The Cascadia offers a 3 percent improvement in fuel economy over previous models. To achieve this, more than one million engineering hours - including 2,500 hours in Freightliner's full-scale wind tunnel - went into its development.
"Our customers are faced with the consequences of ever-tightening emissions standards, higher fuel prices, rapidly escalating wages and benefits, and a dire shortage of maintenance technicians," said Chris Patterson, president and CEO of Freightliner LLC. "Freightliner has the resources and the know-how to bring a completely new model to market at this difficult time for the trucking and truck-building industries."
With EPA 2010 right around the corner, the Cascadia was designed to easily accept EPA '07 emission engines and adapt with little change to the new EPA '10 standards. Its expandable DaimlerChrysler-engineered electronic platform can easily accommodate the technology. Plus, the Cascadia was built to be optimized with the all-new EPA '10-ready Detroit Diesel heavy-duty engine family, the first of which will debut later this year. Known within DaimlerChrysler as the Heavy-duty Engine Platform, this engine family will be used in Truck Group vehicles worldwide, following its launch in Freightliner LLC vehicles.
"Our wind tunnel was constructed expressly for this kind of new model development," Patterson said. "Tiny tweaks in the design made possible by our unlimited use of our own facility can save owners hundreds of dollars in fuel consumption over the life of their truck."
Other fuel-saving features on the Cascadia include a fully integrated, battery-powered auxiliary HVAC system and an engine cooling system that minimizes engine fan and air-conditioning compressor on-time.
Fuel economy isn't the Cascadia's only productivity attribute - the truck also was designed to maximize payload. The aluminum cab boasts a significant weight savings over steel, and the hood, bumper and quarter fenders are lighter than comparable models. All of these improvements enable operators to haul more freight.
Plus, features such as improved diagnostics, an HVAC system designed to reduce repair frequency, and breakaway side extenders ensure that the Cascadia stays on the road and out of the shop. Other ease-of-maintenance features include a roped-in windshield that can be changed in minutes, extended life headlamp bulbs, and easy access to the engine and accessory components mounted to it.
With its bold and innovative styling, durable side fairings and extenders, corrosion protection for fasteners, and easy daycab conversion, the Cascadia will boast a high resale value.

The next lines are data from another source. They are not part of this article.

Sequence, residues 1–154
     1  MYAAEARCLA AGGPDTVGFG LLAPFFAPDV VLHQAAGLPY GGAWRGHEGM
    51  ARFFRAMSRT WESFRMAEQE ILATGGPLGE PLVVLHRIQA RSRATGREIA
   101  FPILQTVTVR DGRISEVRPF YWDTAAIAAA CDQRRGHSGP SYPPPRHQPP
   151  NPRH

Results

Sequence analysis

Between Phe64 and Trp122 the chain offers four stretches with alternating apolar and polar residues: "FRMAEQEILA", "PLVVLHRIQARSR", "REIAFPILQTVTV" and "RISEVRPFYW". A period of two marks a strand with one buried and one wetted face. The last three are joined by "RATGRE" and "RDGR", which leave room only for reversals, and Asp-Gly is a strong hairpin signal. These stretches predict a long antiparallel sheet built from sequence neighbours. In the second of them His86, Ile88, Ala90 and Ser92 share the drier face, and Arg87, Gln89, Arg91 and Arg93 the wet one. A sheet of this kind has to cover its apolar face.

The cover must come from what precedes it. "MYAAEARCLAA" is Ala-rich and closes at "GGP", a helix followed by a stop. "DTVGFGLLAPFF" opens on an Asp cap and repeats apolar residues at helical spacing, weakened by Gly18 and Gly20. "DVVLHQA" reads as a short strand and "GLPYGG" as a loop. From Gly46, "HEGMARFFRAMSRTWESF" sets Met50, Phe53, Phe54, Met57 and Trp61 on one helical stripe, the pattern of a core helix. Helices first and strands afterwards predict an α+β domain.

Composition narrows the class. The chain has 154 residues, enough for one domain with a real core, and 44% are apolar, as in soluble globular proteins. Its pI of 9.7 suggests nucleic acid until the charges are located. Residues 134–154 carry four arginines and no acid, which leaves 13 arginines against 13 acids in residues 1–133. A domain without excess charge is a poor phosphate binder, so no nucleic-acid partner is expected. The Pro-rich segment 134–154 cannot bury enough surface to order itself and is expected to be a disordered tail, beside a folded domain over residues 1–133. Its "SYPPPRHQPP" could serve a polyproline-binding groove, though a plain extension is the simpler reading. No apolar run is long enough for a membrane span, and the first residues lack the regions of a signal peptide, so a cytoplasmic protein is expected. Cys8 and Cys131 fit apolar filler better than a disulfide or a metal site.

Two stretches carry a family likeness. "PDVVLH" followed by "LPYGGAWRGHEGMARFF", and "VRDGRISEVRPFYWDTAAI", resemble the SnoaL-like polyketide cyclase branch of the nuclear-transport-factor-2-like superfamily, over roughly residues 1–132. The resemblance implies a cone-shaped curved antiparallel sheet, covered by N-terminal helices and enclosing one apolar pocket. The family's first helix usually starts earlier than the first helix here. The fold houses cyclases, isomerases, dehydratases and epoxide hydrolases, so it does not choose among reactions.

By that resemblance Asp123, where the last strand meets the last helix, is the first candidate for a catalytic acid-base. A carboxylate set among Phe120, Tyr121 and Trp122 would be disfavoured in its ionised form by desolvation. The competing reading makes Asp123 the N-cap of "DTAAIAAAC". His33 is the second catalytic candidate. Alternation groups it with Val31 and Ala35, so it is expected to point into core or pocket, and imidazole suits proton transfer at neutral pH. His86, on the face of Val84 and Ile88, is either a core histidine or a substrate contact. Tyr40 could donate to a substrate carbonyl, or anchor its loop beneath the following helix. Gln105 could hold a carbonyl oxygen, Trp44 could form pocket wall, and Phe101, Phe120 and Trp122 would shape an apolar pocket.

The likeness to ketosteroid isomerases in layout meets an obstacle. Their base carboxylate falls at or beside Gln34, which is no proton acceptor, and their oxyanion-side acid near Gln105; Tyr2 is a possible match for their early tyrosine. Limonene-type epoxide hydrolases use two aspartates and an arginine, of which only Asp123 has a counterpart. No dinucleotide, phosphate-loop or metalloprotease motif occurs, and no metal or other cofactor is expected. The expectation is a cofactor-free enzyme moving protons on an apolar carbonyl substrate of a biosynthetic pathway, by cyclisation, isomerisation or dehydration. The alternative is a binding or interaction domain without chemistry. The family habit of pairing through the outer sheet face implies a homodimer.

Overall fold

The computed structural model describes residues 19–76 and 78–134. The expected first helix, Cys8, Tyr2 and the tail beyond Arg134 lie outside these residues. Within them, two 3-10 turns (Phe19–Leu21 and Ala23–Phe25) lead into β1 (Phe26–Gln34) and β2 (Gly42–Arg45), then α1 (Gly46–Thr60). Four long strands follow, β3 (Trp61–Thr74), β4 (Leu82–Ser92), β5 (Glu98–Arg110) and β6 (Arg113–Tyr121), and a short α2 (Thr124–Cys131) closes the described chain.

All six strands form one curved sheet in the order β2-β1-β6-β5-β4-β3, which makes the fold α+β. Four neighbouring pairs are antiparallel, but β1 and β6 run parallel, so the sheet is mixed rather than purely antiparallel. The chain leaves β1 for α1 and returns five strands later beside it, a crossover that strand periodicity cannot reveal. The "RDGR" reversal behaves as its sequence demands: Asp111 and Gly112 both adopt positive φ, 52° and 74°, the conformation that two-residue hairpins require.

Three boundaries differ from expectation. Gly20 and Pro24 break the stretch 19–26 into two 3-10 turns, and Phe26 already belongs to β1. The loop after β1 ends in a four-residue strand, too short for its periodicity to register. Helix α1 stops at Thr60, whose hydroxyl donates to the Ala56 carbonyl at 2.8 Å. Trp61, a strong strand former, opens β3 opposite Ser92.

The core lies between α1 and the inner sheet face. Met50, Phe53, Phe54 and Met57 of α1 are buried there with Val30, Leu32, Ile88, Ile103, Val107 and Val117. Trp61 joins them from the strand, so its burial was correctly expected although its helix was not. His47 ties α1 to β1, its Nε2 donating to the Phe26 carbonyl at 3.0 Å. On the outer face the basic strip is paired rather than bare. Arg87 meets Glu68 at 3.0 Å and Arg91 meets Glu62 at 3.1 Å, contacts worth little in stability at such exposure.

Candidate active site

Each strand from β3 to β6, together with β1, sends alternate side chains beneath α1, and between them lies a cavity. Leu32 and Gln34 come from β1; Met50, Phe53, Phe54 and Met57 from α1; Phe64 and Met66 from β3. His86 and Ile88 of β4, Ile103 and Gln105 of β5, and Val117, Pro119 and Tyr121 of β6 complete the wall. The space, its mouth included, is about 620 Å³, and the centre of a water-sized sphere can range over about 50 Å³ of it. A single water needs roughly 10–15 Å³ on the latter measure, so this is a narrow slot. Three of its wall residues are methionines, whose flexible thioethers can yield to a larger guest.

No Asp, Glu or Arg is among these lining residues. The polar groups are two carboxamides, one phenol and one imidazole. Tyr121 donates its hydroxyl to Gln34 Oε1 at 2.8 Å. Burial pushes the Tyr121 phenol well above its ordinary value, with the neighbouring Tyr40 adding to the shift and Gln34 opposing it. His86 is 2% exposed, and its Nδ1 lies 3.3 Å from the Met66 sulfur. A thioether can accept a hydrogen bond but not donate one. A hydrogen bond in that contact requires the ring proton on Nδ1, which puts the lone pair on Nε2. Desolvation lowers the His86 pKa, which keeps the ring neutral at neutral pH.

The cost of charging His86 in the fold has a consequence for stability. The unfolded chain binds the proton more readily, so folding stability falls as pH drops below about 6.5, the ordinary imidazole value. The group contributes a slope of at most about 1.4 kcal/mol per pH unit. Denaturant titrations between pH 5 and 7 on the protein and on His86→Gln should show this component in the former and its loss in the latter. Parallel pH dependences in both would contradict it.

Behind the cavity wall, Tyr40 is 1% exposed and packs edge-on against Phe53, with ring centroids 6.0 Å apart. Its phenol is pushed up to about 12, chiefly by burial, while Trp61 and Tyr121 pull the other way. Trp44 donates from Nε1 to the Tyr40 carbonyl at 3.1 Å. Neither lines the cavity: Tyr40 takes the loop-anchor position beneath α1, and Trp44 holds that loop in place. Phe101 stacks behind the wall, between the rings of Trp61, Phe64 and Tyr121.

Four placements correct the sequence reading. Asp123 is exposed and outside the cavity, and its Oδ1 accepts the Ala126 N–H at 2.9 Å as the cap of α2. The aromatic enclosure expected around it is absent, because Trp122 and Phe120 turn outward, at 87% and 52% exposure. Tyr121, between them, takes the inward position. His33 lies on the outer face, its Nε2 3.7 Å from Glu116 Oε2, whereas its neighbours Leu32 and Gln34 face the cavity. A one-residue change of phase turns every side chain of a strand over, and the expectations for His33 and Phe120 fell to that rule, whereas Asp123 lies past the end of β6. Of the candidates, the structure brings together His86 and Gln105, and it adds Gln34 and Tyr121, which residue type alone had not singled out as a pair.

The Cascadia doesn't just boost profits. Freightliner's customer research shows that operators want to go to work every day in a good-looking truck that has a comfortable, quiet cab with better visibility.
"Recruiting drivers is challenging, so many of our customers wanted to add more style and comfort features to their fleets without breaking the bank," said Patterson. "The Cascadia offers these amenities without compromise."
When developing the Cascadia, Freightliner engineers studied the needs of drivers and how they operate their vehicles. This feedback was the basis for design features like a wider cab with automotive styling, ergonomic controls and extensive lighting and storage space to make the cab more comfortable and livable.
The Cascadia also provides a more peaceful work environment. With double door and window seals, improved engine and cab mounts, additional insulation and a hydraulic clutch, the cab offers reduced vibration and significantly less road noise.
The Cascadia's enhanced ergonomics are another result of customer feedback. With larger seats, larger door openings, more head and belly room and easier-to-use switches and climate controls, the Cascadia offers drivers the comfort and control they deserve. Steering wheel controls, including the compression brake activation, allow drivers to be more comfortable and improve safety as they drive down the highway.
Maneuverability and handling are two more driver-friendly features. Freightliner's innovative rack and pinion steering system - the first system of its kind installed on Class 8 trucks - is available as an option on the Cascadia. Rack and pinion improves durability through lower system pressure and temperature, provides quicker steering response and reduces steering effort. It eliminates bump steer, and roll steer is significantly reduced, which reduces driver fatigue. Rack and pinion also offers a 45-pound weight savings.
Upgraded visibility is another safety benefit found on the Cascadia. Redesigned mirrors, mounted on both the doors and the fender, offer aerodynamic benefits as well as improved visibility. A larger windshield also provides better upward sight lines.
Some popular specs include:
• GVWRs of 35,000 to 71,000 pounds with a GCWR of 92,000 pounds
• Detroit Diesel Series 60 engine, 455 horsepower is standard; an MBE 4000 with ratings of 370 to 450 horsepower and Caterpillar C15 with ratings from 435 to 550 horsepower are available options
• EatonFuller manual transmission is standard; UltraShift and AutoShift transmissions are available options
• Standard front taperleaf suspension rated at 12,000 pounds; optional spring suspension rated at 14,600 pounds.
• Standard rear AirLiner suspension rated at 40,000 pounds; optional AirLiner suspension rated at 21,000 pounds.
The Cascadia is available for order mid-month, with trucks rolling off production lines in August. For more information, visit www.FreightlinerTrucks.com or call 800-FTL-HELP.